The houses with steps to the front door are always the hardest. Even if it’s just one step, the extra effort it takes to force myself to continue after meeting another obstacle is like getting out of the car all over again. Or like getting in the car in the first place; or any of the other steps I have to break down in order to overcome.
Thankfully, this time at least, the door is at the end of a slight descent and I’m drawn onwards by the sheer power of gravity. The window shades move when I’m still halfway between the road and the front door. I haven’t even been able to transition my thoughts from the process of approaching the house to the act of knocking when I catch a glimpse of the hallowed face of a man who has lost more than I will ever gain.
The door opens as I stop just before the worn welcome mat and the man’s wife stands by his side. Her eyes are red and puffy and he stares through me as if I don’t exist.
The forced rapidity of my actions causes me to stare between them blankly into the unlit house behind them for several seconds before I can kick my brain into action.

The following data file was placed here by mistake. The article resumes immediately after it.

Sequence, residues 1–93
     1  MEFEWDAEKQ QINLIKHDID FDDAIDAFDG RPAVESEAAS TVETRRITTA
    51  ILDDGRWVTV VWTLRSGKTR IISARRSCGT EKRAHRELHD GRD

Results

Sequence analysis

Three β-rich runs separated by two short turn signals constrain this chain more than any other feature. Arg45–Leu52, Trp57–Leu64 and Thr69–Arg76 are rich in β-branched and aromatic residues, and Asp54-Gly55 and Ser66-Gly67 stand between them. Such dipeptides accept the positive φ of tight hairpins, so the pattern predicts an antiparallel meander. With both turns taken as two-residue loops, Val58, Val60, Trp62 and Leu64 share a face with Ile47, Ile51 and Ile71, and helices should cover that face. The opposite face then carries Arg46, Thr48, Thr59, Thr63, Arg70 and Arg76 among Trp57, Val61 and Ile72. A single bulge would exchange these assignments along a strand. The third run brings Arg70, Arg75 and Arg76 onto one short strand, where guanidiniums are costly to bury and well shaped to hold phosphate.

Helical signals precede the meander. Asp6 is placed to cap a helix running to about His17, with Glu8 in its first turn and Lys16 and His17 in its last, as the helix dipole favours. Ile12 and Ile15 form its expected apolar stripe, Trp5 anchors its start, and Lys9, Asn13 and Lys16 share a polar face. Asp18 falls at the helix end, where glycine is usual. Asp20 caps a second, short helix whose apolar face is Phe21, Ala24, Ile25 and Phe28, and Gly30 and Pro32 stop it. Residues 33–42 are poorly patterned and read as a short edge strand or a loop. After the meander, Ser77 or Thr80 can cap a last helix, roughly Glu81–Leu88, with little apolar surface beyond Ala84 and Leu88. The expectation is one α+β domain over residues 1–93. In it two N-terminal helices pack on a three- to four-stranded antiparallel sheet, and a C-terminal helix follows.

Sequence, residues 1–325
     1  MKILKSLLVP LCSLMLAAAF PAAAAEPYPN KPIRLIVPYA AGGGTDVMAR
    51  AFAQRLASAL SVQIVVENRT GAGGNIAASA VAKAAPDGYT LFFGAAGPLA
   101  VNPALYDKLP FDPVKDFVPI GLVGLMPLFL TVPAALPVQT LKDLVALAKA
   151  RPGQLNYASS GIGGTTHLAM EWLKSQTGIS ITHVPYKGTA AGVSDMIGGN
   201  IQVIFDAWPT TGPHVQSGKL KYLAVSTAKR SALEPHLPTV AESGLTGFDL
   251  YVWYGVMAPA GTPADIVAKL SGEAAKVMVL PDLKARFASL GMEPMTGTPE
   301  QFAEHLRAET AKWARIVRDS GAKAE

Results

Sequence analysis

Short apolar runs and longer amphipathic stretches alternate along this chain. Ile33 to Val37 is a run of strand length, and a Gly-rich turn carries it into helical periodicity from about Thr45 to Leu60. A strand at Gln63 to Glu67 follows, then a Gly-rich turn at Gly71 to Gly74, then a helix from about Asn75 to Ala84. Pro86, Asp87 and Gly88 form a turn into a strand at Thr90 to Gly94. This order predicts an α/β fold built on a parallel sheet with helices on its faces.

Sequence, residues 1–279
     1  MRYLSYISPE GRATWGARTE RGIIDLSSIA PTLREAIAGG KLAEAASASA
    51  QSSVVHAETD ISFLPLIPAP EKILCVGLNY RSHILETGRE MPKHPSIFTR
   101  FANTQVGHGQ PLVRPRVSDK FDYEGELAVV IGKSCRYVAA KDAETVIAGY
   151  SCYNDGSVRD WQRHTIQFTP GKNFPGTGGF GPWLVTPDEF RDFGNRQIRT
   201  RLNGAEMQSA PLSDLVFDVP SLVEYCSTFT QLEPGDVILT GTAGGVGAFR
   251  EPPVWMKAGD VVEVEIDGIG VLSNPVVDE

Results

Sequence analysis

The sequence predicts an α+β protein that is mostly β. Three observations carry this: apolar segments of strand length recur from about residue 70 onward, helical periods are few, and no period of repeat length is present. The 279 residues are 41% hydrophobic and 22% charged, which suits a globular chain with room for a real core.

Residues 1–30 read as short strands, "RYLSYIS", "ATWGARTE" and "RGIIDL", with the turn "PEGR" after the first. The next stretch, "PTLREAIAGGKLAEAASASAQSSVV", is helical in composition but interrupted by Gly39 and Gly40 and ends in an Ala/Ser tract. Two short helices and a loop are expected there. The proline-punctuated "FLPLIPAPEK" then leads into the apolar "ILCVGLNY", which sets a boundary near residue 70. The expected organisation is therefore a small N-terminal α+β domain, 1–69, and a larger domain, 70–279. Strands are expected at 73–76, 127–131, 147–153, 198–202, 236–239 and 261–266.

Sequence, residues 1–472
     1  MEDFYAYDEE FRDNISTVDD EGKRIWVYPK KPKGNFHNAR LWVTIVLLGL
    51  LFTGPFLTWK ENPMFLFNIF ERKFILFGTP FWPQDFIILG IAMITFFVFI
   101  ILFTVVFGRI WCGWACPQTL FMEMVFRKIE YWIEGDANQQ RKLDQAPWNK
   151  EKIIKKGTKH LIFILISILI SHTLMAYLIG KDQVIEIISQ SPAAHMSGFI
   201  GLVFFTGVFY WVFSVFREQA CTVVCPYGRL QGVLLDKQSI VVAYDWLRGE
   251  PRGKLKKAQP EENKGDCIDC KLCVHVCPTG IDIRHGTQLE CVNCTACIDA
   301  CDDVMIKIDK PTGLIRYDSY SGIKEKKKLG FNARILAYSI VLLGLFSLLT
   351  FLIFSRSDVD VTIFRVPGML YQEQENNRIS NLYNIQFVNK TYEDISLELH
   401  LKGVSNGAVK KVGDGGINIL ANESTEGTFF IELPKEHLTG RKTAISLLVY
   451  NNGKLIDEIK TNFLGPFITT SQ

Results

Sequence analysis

“Hello,” I say, but only a whimper escapes my lips.
When neither of them responds I make the mistake of catching her eye before quickly averting my gaze. They seem as content as I am to let the silence extend infinitely, but I’ve been through this before and it’s better for us all if I just get it over with. So I clear my throat and let my shoulders drop to make myself look smaller.
“Uh hi,” I manage to say with actual words this time. “Yes, hello. My name is Patrick Martin and I’m here to deliver you some bad news.”
I know they feel like there isn’t any news worse than what they’ve already been given so they wait patiently for me to continue. They think they will be able to thank me for saying what I have to say and go back to dealing with their sorrow alone. This is always the hardest part for me when I have to take their broken hearts and break them again.
“Unfortunately Mr and Mrs Stewart I fell in love with your daughter which is why she died.”
The thirteen times I’ve done this before have taught me to keep my head up and my eyes looking straight ahead, but it’s hard not to stare at my feet and cower from the coming explosion of emotion. At first Mrs Stewart’s head turns slightly, marking the first movement I’ve seen from either of them, and I can feel her eyes probing into me. And then it comes in a tidal wave from Mr Stewart and before I know it I’m on my ass with a stinging boot print in the centre of my chest. He is bearing down on me as I fight the instinct to scoot backwards like a crab.
“You’re that fucking kid that keeps popping up on the news every few months,” he yells, pointing a meaty finger down at my chest as he towers over me. “The Heartbreaker. Isn’t that what they call you? Well you know what they’re gonna call you after today? Fucking dead. Cause I’m going to tear your heart out of your god damned chest and bury you in the deepest hole I can find.”